Lab 2: OpenSSL Programming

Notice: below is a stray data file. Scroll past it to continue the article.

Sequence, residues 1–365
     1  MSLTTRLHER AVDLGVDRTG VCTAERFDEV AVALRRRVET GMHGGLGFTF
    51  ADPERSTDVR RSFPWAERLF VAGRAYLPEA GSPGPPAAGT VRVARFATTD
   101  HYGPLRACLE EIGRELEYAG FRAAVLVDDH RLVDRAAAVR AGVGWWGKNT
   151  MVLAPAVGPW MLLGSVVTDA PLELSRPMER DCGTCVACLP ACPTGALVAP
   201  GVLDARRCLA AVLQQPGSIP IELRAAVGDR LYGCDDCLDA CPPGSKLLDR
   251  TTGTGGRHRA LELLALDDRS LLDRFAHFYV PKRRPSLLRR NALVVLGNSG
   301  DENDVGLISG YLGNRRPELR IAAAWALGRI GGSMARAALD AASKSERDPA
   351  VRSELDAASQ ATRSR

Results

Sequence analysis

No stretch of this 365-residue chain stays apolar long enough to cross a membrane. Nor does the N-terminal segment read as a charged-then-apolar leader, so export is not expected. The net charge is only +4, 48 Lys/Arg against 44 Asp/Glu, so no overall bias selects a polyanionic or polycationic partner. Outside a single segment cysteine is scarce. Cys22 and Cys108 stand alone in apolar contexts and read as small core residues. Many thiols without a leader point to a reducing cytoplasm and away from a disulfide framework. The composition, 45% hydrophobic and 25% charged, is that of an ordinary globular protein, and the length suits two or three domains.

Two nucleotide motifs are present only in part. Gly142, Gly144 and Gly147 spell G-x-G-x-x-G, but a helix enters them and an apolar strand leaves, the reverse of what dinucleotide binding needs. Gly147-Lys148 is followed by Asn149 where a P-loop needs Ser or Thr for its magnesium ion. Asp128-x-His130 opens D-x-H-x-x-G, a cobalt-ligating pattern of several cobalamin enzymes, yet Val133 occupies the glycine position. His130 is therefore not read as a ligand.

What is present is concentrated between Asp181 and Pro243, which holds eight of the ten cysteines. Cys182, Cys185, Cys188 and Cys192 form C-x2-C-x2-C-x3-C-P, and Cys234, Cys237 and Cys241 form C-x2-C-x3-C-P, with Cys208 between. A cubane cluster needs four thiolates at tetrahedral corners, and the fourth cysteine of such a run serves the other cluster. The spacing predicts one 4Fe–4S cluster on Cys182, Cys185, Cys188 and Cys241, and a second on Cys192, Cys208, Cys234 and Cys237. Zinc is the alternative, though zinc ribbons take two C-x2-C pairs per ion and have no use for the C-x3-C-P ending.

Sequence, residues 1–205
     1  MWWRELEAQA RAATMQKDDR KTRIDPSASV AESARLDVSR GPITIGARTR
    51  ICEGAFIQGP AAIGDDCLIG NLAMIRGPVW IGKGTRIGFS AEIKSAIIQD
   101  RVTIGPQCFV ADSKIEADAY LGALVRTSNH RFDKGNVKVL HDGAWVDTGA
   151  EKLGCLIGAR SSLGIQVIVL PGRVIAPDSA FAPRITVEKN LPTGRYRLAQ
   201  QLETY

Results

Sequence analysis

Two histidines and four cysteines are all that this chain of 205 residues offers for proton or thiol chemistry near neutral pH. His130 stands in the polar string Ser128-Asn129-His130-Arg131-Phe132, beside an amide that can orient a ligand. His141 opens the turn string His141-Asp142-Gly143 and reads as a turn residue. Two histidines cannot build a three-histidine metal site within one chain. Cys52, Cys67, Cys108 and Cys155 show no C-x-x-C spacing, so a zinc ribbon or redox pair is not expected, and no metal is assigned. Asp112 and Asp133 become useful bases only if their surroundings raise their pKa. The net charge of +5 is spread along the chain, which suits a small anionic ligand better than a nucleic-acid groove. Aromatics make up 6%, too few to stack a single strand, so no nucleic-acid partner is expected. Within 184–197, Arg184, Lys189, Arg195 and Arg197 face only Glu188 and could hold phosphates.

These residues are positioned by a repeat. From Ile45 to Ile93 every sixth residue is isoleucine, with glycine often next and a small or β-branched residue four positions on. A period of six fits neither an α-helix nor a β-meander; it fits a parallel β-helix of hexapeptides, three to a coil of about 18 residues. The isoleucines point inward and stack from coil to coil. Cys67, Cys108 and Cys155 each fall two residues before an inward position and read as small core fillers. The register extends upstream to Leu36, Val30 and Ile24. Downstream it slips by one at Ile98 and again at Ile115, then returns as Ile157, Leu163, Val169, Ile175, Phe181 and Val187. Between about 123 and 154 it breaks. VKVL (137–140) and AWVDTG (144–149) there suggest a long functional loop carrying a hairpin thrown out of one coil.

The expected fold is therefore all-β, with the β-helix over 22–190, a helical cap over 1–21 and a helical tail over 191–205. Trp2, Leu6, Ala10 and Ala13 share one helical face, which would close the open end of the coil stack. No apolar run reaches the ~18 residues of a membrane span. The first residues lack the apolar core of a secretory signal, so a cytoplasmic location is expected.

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ECE568 Lab #2: OpenSSL Programming Introduction To complete this lab, you will have to learn how to use the OpenSSL library, which is installed on ECF. You are provided with code for a simple client and a simple server application, with an accompanying Makefile. You are also provided with a set of key files that will be used for authentication purposes. Lab 2 may be done individually, or in groups of two. Your assignment needs to work on the ECF lab machines (this is where it will be graded). It will be due at 11:59pm on Nov 2, 2020. Overview of files provided server.c The server takes as input a port (defaults to 8765). It then binds to this port and waits for connections. Upon connection of a client, a child is forked to handle the session. The server receives a message, whose length is at most 255 characters, prints this message to stdout, and then sends an answer to the client. client.c The client takes as input a host and a port (defaults to localhost and 8765). It connects to that host, sends a message, then reads from the socket. Upon receipt of a message from the server, of length at most 255 characters, it displays the message on stdout and exits. Key files Three key files are provided: 568ca.pem, alice.pem and bob.pem (x509 certificates). 568ca.pem contains the public key of the certificate authority (CA) ece568, which can be used to verify the authenticity of both the client and the server’s public keys. The password (key phrase) for the certificates (both Alice’s and Bob’s) is “password”. Bob is running the server, and Alice is running the client. You will need to generate additional key pairs and certificates for testing. This can be done by using the openssl command line tool. The example below will give you an idea of how to use the command line tool. For more help, please refer to the resources section. Creating a root certificate openssl req -new -x509 -extensions v3_ca -keyout -out -days 365 -config where: ca_private_key.pem: Certificate Authority’s private key. certificate.pem: Certificate Authority’s certificate. openssl_config_file: See resources for a configuration file example. Creating a signing request and public/private key pair openssl req -new -nodes -out -keyout -days 365 -config where: name-req.pem: signing request name-private.pem: private key Signing a public key openssl ca -out -days 365 -config -infiles Viewing a certificate openssl x509 -in certificate.pem -noout -text Your Task You have to secure the communication channel between the client and the server through the use of SSL by modifying the client and the server. Your modified client and server will send messages over the encrypted channel that you set up with SSL. The behavior of your client and server must conform to the following specifications. Note that anything appearing in the < > brackets should be verbatim from the certificate or network message. In other words something like should contain only “Bob’s Server” and nothing else. To keep things simple, your client or server may exit on error, after you have printed the error string. Client Specification Every message the client prints should be preceded with the string ECE568-CLIENT. It may print other messages for debugging, but they will be ignored for marking purposes. Your client must do the following: 1. Only communicate with servers using SSLv3 or TLSv1. If the server does not support one of those protocols, then print: ECE568-CLIENT: SSL connect error 2. Only communicate with a protocol that uses the SHA1 hash function. If server does not use SHA1, then print: ECE568-CLIENT: SSL connect error :error:14077410:SSL routines:SSL23_GET_SERVER_HELLO:sslv3 alert handshake failure:s23_clnt.c:744: Note the 2nd part of the message can be obtained from the SSL error routines ERR_print_errors or ERROR_print_errors_fp . 3. Only communicate with Bob’s Server by checking that the Common Name (CN) of the server matches “Bob’s Server”, and that the e-mail address of the server certificate subject matches “ ( ”. The client must verify that the server’s certificate has a valid signature from the CA. If both CN and Email are correct, then print the server information, request sent, and response returned by the server: ECE568-CLIENT: ECE568-CLIENT: If one of them is not correct, indicate the mismatched field, and do not output any server information: ECE568-CLIENT: Server Common Name doesn’t match or ECE568-CLIENT: Server Email doesn’t match If the certificate is not valid, then print: ECE568-CLIENT: Certificate does not verify 4. The client should shutdown the SSL connection correctly. 5. The client should report if the server does not shutdown correctly. If this happens, it should print: ECE568-CLIENT: Premature close Server Specification Every message the server prints should be preceded with the string ECE568-SERVER. Your server must do the following: 1. The server must support SSLv2, SSLv3 and TLSv1. 2. The server must support all cipher suites available for SSLv2, SSLv3 and TLSv1. 3. The server should only communicate with clients with a valid certificate signed by the CA: If the client certificate is not signed by the proper CA the server should print: ECE568-SERVER: SSL accept error :error:140890B2:SSL routines:SSL3_GET_CLIENT_CERTIFICATE: no certificate returned:s3_srvr.c:3329: If the client does not present a certificate then the server should print: ECE568-SERVER: SSL accept error :error:140890C7:SSL routines:SSL3_GET_CLIENT_CERTIFICATE: peer did not return a certificate:s3_srvr.c:3312: Note the 2nd part of the message can be obtained from the SSL error routines ERR_print_errors or ERROR_print_errors_fp . 4. If the client has a valid certificate, the server should print the CN and Email of the client, as well as the client request and server response: ECE568-SERVER: ECE568-SERVER: 5. The server should shutdown the connection properly. 6. The server should report of the client does not shutdown correctly. If this happens, it should print: ECE568-SERVER: Incomplete shutdown In addition, please explain what you did, in at most 300 words. These explanations must be in the file explanations_lab2.txt along with the identities of your group members just as in previous labs. Resources The following resources will be very useful. Please take the time to read them. 1. The OpenSSL man pages on ECF (i.e. man ssl). The following man pages will be useful (you may find others helpful as well): ssl x509 ciphers BIO_new_socket SSL_connect SSL_read SSL_write SSL_shutdown SSL_CTX_set_verify SSL_get_verify_result SSL_CTX_set_cipher_list openssl/objects.h SSL_CTX_new SSL_CTX_set_options 2. The openssl utility on ECF can be used to verify certificates, as well as generate your public/private key pairs and certificates for testing. 3. Certificate generation and signing tutorial ( ( ( ( certificates.html) 4. Read an introduction to OpenSSL programming: ( ( Submission and Marking Please explain in at most 300 words, what you did to get the lab working. These explanations must be in the file explanations_lab2.txt, which must also contain the names and student numbers of your group members prefixed by # and separated by commas. Do not prefix other lines by # as this would confuse the automated marking scripts. #first1 last1, studentnum1, e-mail address1 #first2 last2, studentnum2, e-mail address2 It is very important that the information you submit is correct as your mark will be assigned by student number, and the e-mail you give here will be used to get the results of the lab back to you. This file should be placed in a single directory along with the code for your client and server, the Makefile needed to compile code, and any other files needed to build your client and server. Marking will be partly automated. You should use the FMT xxx strings provided in the source code to output messages to the marker and you should also NOT alter what the strings secret and answer are initialized to. Before submitting, you should test that your submission is formatted properly with the commands $ /share/copy/ece568f/bin/check568_lab2 Go to the lab directory and type this command. Do not submit until the script indicates that the submission appears to be properly formatted. In addition, check that the script correctly identifies your group members. To submit your work, run the command $ /share/copy/ece568f/bin/submit568_lab2 The command tests that your submission is properly formatted and identifies the group members based on your txt file. Check that the information reported by the script is correct. If your submission is properly formatted, the command will then ask you to confirm that you want to submit. Note that you can submit multiple times. Your last submission will be marked. The submission command will cease to work after the lab is due.